Austin Idol underwent many striking transformations during his illustrious run in wrestling. He was in demand and, for the most part, called his own shots. But what if he had taken Vince McMahon Sr.’s advice?
Austin Idol: From McCord to “Universal Heartthrob”
Professional wrestling is replete with men who have taken a lackluster career and pushed it into the stratosphere by reinventing themselves.
Herman Rohde, a former policeman from Camden, New Jersey, turned a serviceable wrestling career iconic after he became “The Nature Boy” Buddy Rogers.
Pudgy, fledgling newcomer Richard Fleihr evolved into Ric Flair.
Mark Callaway struggled as Texas Red and Mean Mark before hitting his mark as The Undertaker.
And one Michael McCord struck gold after he redubbed himself “The Universal Heartthrob” Austin Idol after an ill-fated plane crash in 1975.
Contrary to his kayfabe Las Vegas origins, Michael McCord grew up in Tampa, Florida, right in the heart of Eddie Graham’s Championship Wrestling from Florida (CWF) promotion.
He was a muscular kid out of Robinson High School in Tampa, which produced some notable professional wrestlers, including Hulk Hogan.
After graduating from high school, followed by a brief career in construction, McCord developed an interest in professional wrestling and contacted Eddie’s son Mike Graham to break in.
Under the tutelage of the Graham family, Michael McCord was trained by the likes of Bob Roop, Hiro Matsuda, and Jack Brisco. Training under these legendary men is the wrestling equivalent of studying simultaneously at Harvard, Yale, and Princeton.
After a brief stint as a referee, McCord began his wrestling career in Tampa as Dennis McCord.
McCord’s early career was nomadic; after wrestling in Florida for several months, he briefly worked for Nick Gulas’ NWA Mid-America promotion before venturing to the Carolina-based Jim Crockett Promotions.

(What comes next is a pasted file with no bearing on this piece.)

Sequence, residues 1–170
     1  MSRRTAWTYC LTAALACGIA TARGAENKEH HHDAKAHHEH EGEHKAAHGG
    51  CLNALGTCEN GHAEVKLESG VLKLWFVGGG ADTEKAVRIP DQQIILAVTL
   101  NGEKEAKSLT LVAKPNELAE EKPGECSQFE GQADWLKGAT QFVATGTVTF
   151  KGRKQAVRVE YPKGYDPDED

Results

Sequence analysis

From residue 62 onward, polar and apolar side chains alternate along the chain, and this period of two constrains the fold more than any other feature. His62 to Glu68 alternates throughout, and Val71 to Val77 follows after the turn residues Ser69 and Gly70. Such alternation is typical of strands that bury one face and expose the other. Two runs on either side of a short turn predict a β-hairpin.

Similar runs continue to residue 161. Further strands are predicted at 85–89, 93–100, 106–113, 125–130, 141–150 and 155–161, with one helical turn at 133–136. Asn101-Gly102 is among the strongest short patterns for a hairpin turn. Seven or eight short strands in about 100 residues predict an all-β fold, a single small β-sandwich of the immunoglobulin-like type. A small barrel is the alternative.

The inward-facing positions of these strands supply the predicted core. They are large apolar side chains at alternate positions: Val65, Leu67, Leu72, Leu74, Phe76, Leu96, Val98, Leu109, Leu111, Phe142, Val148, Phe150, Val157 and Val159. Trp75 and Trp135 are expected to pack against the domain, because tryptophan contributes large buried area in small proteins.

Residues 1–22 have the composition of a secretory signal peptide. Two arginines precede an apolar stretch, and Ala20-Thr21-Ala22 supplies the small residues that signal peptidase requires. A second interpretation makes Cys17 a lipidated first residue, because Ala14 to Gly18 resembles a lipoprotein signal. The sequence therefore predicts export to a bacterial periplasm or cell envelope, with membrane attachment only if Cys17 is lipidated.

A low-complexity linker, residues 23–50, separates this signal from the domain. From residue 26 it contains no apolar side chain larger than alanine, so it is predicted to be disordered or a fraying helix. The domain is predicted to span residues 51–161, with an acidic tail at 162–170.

Within a year of his professional wrestling debut, McCord appeared in Australia for the original World Championship Wrestling promotion, earning his first of many titles, as he and Jimmy Golden won a tournament to become the inaugural NWA Austra-Asian Tag Team Champions.
Before Austin Idol: A Stint In the WWWF as Iron Mike McCord
In March of 1973, a little more than a year after his professional wrestling debut, McCord made his debut in the World Wide Wrestling Federation as Iron Mike McCord.
Per WrestlingData.com, his initial match was on March 29th, 1973, at the Lowell Memorial Auditorium against El Olympico. Two days later, McCord’s first acknowledged victory was against Arnold Skaaland at the Boston Garden.
McCord initially worked with and defeated enhancement talents such as Juan Caruso, Miguel Feliciano, and the Continental Nobleman, Joe Turco.
Although McCord spent nearly ten months in the WWWF and received several world title shots, he primarily languished in the prelim and mid-card ranks.
McCord’s modest push stalled on October 15th when Victor Rivera defeated him at Madison Square Garden in less than two minutes. After this, McCord suffered numerous defeats from Rivera, Tony Garea, and Dean Ho.
McCord’s final match in the WWWF was on January 19th, 1974, in Whitman, Massachusetts, where Chief Jay Strongbow bested him.
Although McCord spent nearly ten months in the WWWF and received several world title shots against then-WWWF Champion Pedro Morales, none were at Madison Square Garden. Our only guess is that the territory was overstocked with more experienced heels and more drawing power to pack the massive MSG. Gentlemen like Blassie, George Steele, Blackjack Lanza, and Don Leo Jonathan were established main event draws at the time.